We hope that this article will help you avoid problems when germinating your seeds, it can be very frustrating to start a grow with all the enthusiasm and excitement, only to run into problems straight away! Do not hesitate to leave us any doubts, comments or your own tips and tricks, we’ll be happy to answer you.
Direct germination in soil
A heated greenhouse is perfect for germinating seeds
This article has a lot of nonsense in it. From Mandala Seeds: A #1 seed killer is a closed humidity dome/mini-greenhouse. Humidity domes are only required for rooting cuttings. Many growers make the mistake of thinking that they need a high ambient humidity for germination or seedlings. This is an unfortunate myth of cannabis cultivation. The high humidity and lack of fresh ventilation quickly causes fungus in the soil or growing medium and the seeds can rot! Cannabis is not an orchid or swamp plant! The seeds need a well aerated growing medium to germinate well. Seedlings also cannot tolerate high humidity and can easily be attacked by fungus such as fusarium and pythium. Only the soil or growing medium should be moist for optimal germination and seedling growth. Ambient humidity is best at or below 50%. Btw, seed should be planted with the pointed end UP, not down. Tap root ALWAYS goes up no matter how you place the seed. It's by the nature, goes against the gravity to create a support for itself so it can push the seed out. It you put it with the pointed end down it will have to make double turn loosing the precious energy stored in the seed.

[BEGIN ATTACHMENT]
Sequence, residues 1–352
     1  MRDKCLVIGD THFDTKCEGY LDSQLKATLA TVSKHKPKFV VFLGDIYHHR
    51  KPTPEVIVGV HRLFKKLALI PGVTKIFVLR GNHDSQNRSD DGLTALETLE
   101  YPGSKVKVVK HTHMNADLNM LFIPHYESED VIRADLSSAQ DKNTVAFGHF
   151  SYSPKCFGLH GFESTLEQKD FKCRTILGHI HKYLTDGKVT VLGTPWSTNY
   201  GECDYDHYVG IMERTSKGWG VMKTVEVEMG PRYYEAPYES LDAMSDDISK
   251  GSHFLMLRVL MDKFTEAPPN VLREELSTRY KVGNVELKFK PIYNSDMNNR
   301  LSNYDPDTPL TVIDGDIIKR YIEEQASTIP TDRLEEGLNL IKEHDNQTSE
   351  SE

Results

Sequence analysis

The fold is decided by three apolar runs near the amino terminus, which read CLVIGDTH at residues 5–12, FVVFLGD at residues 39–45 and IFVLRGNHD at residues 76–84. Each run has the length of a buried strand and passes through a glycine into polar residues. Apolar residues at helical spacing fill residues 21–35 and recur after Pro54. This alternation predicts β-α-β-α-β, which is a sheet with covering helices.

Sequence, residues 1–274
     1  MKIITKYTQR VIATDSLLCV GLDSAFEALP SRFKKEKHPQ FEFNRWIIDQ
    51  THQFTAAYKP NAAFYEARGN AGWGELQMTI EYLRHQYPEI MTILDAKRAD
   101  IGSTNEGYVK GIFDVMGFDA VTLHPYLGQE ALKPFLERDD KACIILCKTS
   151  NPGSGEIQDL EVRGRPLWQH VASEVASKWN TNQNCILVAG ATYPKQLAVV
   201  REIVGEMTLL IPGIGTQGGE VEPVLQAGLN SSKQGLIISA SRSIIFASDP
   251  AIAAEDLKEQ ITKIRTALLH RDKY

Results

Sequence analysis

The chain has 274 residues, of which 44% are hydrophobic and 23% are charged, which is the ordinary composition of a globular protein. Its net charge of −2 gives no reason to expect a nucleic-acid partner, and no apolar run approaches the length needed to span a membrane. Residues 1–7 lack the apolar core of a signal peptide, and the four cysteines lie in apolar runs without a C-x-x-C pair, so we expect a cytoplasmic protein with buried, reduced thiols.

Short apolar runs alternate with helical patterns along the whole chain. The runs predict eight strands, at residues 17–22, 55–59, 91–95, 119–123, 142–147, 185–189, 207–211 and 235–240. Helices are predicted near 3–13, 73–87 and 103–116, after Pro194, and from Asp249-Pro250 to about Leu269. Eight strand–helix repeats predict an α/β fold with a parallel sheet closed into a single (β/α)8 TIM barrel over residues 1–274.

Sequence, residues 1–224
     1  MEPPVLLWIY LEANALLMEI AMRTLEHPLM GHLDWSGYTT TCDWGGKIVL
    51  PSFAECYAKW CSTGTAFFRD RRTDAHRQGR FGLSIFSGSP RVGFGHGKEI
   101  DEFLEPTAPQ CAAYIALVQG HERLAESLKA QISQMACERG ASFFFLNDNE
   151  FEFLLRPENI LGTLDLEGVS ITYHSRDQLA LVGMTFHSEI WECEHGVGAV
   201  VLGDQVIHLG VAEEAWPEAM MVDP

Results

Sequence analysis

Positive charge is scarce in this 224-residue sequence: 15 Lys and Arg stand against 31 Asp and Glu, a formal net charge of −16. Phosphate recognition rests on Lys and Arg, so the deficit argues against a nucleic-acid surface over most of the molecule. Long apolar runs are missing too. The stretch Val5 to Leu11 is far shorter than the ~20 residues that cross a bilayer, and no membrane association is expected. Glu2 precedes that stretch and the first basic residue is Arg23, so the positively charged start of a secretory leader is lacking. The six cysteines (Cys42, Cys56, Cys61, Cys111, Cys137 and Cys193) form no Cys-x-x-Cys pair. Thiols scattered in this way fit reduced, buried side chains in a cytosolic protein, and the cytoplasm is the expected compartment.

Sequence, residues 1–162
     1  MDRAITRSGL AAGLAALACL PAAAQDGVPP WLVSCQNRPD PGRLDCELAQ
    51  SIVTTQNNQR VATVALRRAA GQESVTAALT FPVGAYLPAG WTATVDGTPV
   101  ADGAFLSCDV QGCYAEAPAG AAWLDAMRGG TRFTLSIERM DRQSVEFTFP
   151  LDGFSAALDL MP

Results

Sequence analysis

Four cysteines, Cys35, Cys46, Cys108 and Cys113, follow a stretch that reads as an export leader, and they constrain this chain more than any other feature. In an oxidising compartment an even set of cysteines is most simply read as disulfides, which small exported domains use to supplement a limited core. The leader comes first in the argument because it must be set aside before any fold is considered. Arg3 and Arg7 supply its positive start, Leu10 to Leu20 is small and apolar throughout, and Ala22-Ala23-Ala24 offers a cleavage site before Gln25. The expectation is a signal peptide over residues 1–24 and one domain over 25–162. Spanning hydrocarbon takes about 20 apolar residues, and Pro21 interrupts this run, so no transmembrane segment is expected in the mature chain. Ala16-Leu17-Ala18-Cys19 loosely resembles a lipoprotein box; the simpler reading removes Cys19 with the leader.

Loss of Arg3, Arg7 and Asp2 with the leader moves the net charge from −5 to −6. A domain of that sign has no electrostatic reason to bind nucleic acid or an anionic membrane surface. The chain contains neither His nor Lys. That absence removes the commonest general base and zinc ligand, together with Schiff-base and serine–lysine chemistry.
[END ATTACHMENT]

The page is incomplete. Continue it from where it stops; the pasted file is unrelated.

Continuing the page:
For this reason, it is advisable to check every day to make sure the germination medium remains moist, especially if a heat source is used to achieve a higher temperature and therefore a better germination rate; the heat will cause the substrate to dry more quickly, something that must be kept in mind to avoid nasty surprises. In case of hydroponic cultivation it is always better to germinate in rock wool cubes, which of course must always remain moist.